2018 Nissan Leaf: what we know so far about next electric car (updated)

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Nissan Sway Concept  -  2015 Geneva Motor Show live photos

Nissan Sway Concept - 2015 Geneva Motor Show live photos

The Nissan Leaf is by far the highest-volume electric car ever sold, with total sales now having passed 250,000 units.

First launched in 2011, the Leaf got some updates for the 2013 model when production for North American sales moved from Oppama, Japan, to Smyrna, Tennessee.

It got a battery capacity upgrade for 2016, boosting its rated range from 84 to 107 miles. That aside, the Leaf has pretty much stayed the same for seven years.

DON'T MISS: New 2018 Nissan Leaf: More Details On New Styling, Range (May 2014)

We know an all-new, second-generation Leaf model is coming sometime soon.

At first, we'd expected it to be a 2016 model—in parallel with the second-generation Chevrolet Volt introduced that year—but a new Leaf didn't appear in 2016.

Or in 2017.

So here's what we know so far about what we're now calling the 2018 Nissan Leaf electric car.

Nissan Sway Concept - 2015 Geneva Motor Show live photos

Nissan Sway Concept - 2015 Geneva Motor Show live photos

This information is gathered from industry sources, Nissan executives, off-the-record chats with people who work with Nissan, and media reports from around the world.


The styling of the 2011 Leaf was certainly distinctive, but it was also polarizing.

In form, today's Leaf is an upright five-door hatchback that's either a large compact or a small mid-size car, depending on how you measure.

ALSO SEE: Nissan Sway Concept Sets The Look For Future Small Cars—And Leaf?

But the details—the rounded ends, the very long lights topped with little fins that stretched to the base of the windshield, and a Space Age-y interior—added up to a car that some loved but others clearly disliked.

Discussions since then have indicated that the next Leaf may be somewhat more conventional in appearance.

One possible indicator of styling direction is the Nissan Sway concept unveiled in March 2015 at the Geneva Motor Show, which the company said pointed toward its future small-car design language.

Nissan Sway Concept

Nissan Sway Concept

While widely presumed to be a lightly disguised version of the next Micra minicar, the five-door hatchback concept is a bit larger than that.

We suspect it has elements that will show up in the 2018 Nissan Leaf, or at least point in that direction.

Nissan design chief and senior vice president Shiro Nakamura said in the fall of 2014 that to expand the next Leaf's appeal into a larger market—beyond early adopters—would require to be be a nice-looking car.

RELATED: 2018 Nissan Leaf: Will Less 'EVness' Make It More Appealing? (Oct 2014)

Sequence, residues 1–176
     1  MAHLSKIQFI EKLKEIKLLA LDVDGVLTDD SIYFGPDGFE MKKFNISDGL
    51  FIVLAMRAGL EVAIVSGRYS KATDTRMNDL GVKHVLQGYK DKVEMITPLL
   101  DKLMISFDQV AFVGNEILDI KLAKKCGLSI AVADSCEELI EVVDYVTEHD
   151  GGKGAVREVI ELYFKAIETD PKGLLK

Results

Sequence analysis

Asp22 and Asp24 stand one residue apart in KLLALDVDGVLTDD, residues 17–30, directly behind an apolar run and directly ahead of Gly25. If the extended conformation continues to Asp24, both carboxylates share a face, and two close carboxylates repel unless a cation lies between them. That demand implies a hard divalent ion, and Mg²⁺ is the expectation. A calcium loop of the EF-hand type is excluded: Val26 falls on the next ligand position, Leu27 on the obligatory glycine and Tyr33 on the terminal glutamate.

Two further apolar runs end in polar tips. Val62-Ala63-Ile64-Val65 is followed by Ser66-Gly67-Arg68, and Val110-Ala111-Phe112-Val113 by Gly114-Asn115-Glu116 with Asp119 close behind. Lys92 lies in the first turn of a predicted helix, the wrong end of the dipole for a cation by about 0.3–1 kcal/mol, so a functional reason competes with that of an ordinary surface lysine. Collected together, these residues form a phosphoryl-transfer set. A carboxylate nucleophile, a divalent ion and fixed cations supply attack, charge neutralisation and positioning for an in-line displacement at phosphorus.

Then, he said, designers could add more 'spice' in the design for those buyers who might want it—rather than starting with specific design traits that label the vehicle an electric car.

The next Leaf won't necessarily be more conservative, Nakamura argued during an interview at the Paris Motor Show, but simply a very stable, nicely-proportioned car.

And for buyers who want to emphasize the Leaf's electric-car nature, there will be trim, lamps, or gauges that do that if desired.

Lithium-ion battery pack of 2011 Nissan Leaf, showing cells assembled into modules

Lithium-ion battery pack of 2011 Nissan Leaf, showing cells assembled into modules


Perhaps the single most important facet of the 2018 Leaf will be its rated range, or the different ranges offered if there are multiple battery-size options.

Three years ago, Andy Palmer—who then headed Nissan product development—suggested that the next Leaf would have a range of perhaps 120 miles, possibly as high as 150 miles.

And he strongly hinted that the car might offer a range of battery options at different prices.

MORE: Nissan Leaf Likely To Offer Larger Battery For Longer Range (Apr 2014)

We expect the base model of the next Leaf to offer a range of about 120 miles, a slight increase on the 107 miles of the updated 2016 first-generation Leaf.

But with last month's launch of the Chevrolet Bolt EV, EPA-rated at 238 miles, Nissan knows it has to offer a version of the next Leaf with a U.S. rating of 200 or more miles.

(Some confusion occurs when Nissan executives, discussing projected range, fail to make it clear whether they're referring to tests conducted on the gentler Asian or European test cycle or the more demanding U.S. EPA cycle. The U.S. tests are viewed as producing lower but more realistic range ratings.)

Knowledge of battery chemistry, production technology, and management strategies has progressed considerably since 2009 and 2010, when the specs for the first Leaf battery were frozen.

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